Correlation of brain Magnetic Resonance Imaging of spontaneously lead poisoned bald eagles (Haliaeetus leucocephalus) with histological lesions: A pilot study

Olga Nicolas de Francisco, Daniel Feeney, Anibal G. Armién, Arno Wuenschmann, Patrick T. Redig

Research output: Contribution to journalArticlepeer-review

7 Scopus citations

Abstract

Six bald eagles with severe, acute lead poisoning based on blood lead values were analyzed by Magnetic Resonance Imaging (MRI) of the brain and histopathology. The aims of the study were to use MRI to locate brain lesions and correlate the changes in MRI signal with the histological character of the lesions at necropsy. All of the bald eagles presented with neurologic and non-neurologic signs suggestive of severe lead poisoning and had blood lead levels in excess of 1.0 ppm. Areas of change in image intensity in the brainstem, midbrain and cerebellum were detected in the MRI scans. Histopathology confirmed the presence of all suspected lesions. The character of the lesions suggested vascular damage as the primary insult. MRI was useful for detecting lesions and defining their three-dimensional distribution and extent. Future studies are needed to evaluate the utility of MRI for detection of lesions in less severely lead poisoned eagles and determining prognosis for treatment.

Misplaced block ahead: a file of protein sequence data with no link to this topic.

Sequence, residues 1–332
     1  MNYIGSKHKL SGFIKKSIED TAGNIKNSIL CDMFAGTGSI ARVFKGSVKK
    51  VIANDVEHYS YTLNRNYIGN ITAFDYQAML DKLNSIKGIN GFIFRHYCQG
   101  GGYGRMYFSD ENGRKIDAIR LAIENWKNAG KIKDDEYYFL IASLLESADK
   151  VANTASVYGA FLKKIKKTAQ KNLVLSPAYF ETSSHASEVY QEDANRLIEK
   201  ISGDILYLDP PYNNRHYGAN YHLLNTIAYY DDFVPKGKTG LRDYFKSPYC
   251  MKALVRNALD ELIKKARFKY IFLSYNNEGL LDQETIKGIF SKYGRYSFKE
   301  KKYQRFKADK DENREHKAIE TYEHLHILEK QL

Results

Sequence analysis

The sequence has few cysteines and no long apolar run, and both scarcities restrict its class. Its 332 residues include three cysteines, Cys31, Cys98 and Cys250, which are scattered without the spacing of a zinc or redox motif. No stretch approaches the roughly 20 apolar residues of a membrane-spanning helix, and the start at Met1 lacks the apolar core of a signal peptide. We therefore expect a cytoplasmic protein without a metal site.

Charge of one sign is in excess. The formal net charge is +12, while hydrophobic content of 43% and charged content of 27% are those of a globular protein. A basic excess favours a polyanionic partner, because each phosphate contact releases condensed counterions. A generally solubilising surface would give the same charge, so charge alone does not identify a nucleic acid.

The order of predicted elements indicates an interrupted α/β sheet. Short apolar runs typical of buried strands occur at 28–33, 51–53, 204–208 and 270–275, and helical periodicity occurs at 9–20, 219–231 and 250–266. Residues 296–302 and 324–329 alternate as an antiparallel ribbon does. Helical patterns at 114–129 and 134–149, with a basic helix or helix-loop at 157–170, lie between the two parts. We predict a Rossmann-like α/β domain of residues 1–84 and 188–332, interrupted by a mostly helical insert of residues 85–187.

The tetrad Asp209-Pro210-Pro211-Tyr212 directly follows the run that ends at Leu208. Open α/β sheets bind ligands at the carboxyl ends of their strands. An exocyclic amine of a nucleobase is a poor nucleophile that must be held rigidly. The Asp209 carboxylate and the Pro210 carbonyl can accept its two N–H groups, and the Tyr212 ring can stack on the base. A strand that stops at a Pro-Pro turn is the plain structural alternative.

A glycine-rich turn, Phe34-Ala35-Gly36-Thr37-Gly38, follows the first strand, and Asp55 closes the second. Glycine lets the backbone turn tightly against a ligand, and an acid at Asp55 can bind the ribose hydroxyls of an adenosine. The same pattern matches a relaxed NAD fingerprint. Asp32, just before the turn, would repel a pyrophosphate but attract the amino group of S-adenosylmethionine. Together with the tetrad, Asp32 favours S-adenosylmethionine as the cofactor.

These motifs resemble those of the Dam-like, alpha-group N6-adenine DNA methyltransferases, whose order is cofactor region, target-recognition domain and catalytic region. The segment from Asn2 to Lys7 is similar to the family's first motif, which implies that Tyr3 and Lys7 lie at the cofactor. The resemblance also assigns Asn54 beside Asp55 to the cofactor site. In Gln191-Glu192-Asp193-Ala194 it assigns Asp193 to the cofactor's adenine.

Original languageEnglish (US)
Pages (from-to)236-242
Number of pages7
JournalResearch in veterinary science
Volume105
DOIs
StatePublished - Apr 1 2016

Bibliographical note

Funding Information:
This project was supported by funds from the Association of Avian Veterinarians and they had no involvement in the design or execution of the study.

Publisher Copyright:
© 2016 Elsevier Ltd.

Copyright:
Copyright 2017 Elsevier B.V., All rights reserved.

Keywords

  • Brain
  • Eagle
  • Intoxication
  • Lead
  • Magnetic Resonance Imaging (MRI)
  • Pathology

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